2. Don’t overdo it: Studies show that our short-term memory can recall seven items on average, give or take two. This is often referred to as Miller’s Law. This serves as a good rule of thumb for the number of KPIs to have. It needs to be few enough that people can remember them.
  3. Make sure it’s measurable: This might seem obvious, but be sure to make your chosen finance KPIs measurable. If you can’t measure, quantify, and track it, you should select another metric as a KPI until you can measure it.
  4. Ensure it’s actionable: If a KPI is not actionable it shouldn’t be on your list. Let me explain. Imagine business is heavily dependent on earthquakes. This might be key to your business, but given you can’t influence when an earthquake happens, it shouldn’t be a KPI as it’s not actionable.
  5. Set a target: Each KPI should have a target that you track to assess your performance against the KPI. If you’re measuring Customer Lifetime Value (LTV), it’s crucial to establish your goal and track your metric against said target.

Watch My Presentation on the KPIs Every Financial Controller & FP&A Should Master [WEBINAR RECORDING]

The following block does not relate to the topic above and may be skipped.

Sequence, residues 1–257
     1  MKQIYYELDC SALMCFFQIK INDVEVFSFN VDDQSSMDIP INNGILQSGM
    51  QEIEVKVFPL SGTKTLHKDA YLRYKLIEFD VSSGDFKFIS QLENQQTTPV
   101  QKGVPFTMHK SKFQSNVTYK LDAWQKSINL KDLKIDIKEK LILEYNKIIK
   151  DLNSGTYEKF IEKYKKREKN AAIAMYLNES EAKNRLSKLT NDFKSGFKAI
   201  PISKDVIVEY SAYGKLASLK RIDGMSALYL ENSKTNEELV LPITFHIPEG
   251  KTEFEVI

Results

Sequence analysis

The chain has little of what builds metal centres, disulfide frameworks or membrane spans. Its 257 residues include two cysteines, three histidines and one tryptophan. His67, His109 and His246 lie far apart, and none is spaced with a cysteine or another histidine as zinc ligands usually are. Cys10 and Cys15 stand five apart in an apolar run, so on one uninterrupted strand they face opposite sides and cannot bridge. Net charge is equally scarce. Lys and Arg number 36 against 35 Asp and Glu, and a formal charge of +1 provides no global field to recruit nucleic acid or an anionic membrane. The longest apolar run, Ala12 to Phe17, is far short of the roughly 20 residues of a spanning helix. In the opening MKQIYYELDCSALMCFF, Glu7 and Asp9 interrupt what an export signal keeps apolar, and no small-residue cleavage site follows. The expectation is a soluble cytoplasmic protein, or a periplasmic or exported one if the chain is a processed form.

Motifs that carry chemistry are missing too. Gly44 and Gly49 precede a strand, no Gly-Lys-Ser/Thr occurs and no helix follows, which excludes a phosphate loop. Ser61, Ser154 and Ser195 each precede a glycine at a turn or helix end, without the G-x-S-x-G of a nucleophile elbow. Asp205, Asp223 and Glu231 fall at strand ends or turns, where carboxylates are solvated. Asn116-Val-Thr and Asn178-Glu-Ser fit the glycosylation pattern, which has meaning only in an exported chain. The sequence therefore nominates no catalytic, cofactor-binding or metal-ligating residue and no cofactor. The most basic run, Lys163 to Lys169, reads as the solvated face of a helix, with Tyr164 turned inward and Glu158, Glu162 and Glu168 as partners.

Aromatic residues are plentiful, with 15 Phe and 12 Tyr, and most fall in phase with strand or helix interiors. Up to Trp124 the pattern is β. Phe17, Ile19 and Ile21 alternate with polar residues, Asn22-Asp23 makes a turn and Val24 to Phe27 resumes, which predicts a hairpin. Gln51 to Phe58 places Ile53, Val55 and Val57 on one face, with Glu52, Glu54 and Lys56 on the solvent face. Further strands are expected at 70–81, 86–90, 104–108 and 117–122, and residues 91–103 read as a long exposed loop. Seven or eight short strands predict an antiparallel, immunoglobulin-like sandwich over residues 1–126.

I’d love for you to watch my webinar on the finance KPIs every FP&A and finance controller should master. Here’s a quick overview of everything I cover:

✔️ Which finance KPIs make the most sense to track and why

? How the right KPIs can help you create a data-informed strategy

➗ The “math” behind the metrics

? The necessary groundwork to create a financial dashboard YouTube embed


A Deeper Look at Finance Controller KPIs

Each department and team within a business should have their own KPIs to help them gauge their progress and success, but for the rest of this article, I want to focus on financial KPI examples for finance teams and finance operations. My list includes common and important financial metrics, but whether they are a KPI for you depends on your business’ goals, strategy, and what helps you best understand and influence it.

Remember: You can get a free copy of my Excel file with all of these KPIs and formulas here.

Margin: A Common Finance Metric to Measure General Health